The Leakey family is like the Kennedys, but for paleoanthropology instead of politics. Think about any hominin fossil or artifact you can name. Chances are, there was a Leakey involved in its discovery. Louis Leakey was one of the first scientists to champion the idea that humans had their origins in Africa. For three generations now, his family has carried out active paleo excavations in eastern Africa, especially the countries of Tanzania and Kenya.
The first generation—Louis Leakey and his wife Mary—were most associated with Tanzania's Oldupai Gorge. But their son Richard, his wife Meave, and their daughter Louise have all spent their careers focused on Lake Turkana, on the border between Kenya and Ethiopia. The site is the world's largest, permanent desert lake. Undisturbed by modern development, in a spot where millions of years of flowing water have washed deposits and fossils down from the rift valley—Lake Turkana is an excellent place to search for human ancestors and our ancient relatives.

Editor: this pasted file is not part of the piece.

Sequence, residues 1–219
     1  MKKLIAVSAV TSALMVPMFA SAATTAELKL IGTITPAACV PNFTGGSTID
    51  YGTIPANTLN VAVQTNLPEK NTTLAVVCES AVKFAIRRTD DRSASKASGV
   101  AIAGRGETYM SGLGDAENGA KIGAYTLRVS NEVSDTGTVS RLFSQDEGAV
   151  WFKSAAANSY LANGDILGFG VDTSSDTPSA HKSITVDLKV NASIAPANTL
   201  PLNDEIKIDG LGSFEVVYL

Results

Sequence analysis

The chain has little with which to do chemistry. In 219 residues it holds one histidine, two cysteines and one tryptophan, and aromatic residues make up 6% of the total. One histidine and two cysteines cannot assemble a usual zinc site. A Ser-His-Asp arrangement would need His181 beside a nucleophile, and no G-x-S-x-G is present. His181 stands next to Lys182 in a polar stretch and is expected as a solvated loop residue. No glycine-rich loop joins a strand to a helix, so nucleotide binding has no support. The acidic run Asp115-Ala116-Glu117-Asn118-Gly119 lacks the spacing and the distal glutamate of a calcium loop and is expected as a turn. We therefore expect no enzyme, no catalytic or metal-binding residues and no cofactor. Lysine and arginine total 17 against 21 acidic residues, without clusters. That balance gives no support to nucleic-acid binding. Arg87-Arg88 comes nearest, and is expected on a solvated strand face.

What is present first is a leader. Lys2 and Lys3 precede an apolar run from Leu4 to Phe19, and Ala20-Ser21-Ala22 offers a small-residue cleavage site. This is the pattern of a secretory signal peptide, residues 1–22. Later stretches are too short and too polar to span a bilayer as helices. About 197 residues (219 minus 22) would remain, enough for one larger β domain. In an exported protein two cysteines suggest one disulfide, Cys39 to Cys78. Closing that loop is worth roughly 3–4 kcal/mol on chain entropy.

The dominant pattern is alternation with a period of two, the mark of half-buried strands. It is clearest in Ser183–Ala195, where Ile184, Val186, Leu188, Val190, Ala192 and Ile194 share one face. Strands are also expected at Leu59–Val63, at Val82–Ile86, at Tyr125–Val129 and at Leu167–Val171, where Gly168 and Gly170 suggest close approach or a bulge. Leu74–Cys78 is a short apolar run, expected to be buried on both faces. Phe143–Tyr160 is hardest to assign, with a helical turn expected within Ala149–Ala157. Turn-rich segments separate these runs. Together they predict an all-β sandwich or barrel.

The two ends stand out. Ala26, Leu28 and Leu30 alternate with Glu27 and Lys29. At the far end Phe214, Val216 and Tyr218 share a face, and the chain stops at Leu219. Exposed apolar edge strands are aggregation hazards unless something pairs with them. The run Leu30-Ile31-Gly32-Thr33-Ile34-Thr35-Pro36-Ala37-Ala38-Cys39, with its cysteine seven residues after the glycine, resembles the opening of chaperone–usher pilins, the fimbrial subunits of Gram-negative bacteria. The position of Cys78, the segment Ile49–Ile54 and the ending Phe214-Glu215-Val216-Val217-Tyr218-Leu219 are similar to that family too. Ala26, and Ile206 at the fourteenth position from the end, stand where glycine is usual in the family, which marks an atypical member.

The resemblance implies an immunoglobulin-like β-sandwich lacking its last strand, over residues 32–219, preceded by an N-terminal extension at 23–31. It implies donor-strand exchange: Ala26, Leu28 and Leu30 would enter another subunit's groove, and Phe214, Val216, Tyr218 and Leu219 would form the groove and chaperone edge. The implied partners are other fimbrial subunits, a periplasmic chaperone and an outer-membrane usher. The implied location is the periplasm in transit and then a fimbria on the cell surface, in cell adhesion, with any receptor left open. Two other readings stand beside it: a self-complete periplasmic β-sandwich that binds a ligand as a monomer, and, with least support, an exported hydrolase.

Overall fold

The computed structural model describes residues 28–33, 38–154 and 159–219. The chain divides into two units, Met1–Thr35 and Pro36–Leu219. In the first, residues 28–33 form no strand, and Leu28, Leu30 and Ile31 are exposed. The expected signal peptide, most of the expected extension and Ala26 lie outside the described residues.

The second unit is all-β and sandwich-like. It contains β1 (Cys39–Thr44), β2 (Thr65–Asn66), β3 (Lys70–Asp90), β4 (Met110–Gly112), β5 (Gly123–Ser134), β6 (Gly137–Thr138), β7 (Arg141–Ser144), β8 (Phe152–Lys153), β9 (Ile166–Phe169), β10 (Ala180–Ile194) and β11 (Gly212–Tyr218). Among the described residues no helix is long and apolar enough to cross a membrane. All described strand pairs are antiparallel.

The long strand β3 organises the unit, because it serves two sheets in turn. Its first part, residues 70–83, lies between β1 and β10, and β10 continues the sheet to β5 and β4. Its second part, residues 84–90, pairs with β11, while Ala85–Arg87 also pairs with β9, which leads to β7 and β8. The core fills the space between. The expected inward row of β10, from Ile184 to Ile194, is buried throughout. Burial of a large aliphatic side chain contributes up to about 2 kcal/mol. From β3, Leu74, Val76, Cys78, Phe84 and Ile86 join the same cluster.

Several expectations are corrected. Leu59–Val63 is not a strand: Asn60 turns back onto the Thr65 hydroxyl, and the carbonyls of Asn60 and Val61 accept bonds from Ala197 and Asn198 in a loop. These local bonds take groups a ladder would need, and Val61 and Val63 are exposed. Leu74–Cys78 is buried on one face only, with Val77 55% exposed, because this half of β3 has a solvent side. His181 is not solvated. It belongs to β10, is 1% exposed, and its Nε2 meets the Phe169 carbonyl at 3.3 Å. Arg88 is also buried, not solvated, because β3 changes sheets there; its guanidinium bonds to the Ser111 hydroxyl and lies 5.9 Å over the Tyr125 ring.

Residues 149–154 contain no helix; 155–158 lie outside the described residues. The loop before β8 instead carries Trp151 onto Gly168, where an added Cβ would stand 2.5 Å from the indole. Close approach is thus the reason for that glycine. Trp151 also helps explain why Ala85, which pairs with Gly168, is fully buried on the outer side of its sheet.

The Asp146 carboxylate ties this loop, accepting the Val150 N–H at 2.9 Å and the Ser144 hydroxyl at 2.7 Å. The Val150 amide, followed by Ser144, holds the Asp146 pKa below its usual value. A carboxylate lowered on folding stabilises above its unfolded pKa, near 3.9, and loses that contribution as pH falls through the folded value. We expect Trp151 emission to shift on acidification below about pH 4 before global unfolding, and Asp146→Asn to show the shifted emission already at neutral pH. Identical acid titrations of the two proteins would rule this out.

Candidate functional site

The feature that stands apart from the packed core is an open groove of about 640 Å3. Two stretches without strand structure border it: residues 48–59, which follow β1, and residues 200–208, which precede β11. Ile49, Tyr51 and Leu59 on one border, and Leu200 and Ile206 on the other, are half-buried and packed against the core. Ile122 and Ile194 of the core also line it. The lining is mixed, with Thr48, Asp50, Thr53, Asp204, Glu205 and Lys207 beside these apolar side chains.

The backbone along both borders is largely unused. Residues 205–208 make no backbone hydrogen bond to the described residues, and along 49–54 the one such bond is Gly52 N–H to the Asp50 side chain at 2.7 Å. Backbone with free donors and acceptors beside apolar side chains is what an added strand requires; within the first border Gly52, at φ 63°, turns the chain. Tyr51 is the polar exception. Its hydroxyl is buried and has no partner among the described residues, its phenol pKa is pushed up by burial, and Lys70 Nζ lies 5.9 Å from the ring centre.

On Wednesday, PBS will air an hour-long documentary on the Leakeys' work at Lake Turkana. Part biography of Richard Leakey and part exploration of human history—Bones of Turkana will air May 16th at 9:00 pm central and again on May 21st at the same time. Yesterday, I got the opportunity to speak with Richard and Meave Leakey. We talked about human evolution, the scientific promise of Lake Turkana, the process of paleo fieldwork, and the lasting impression of the Leakey legacy.
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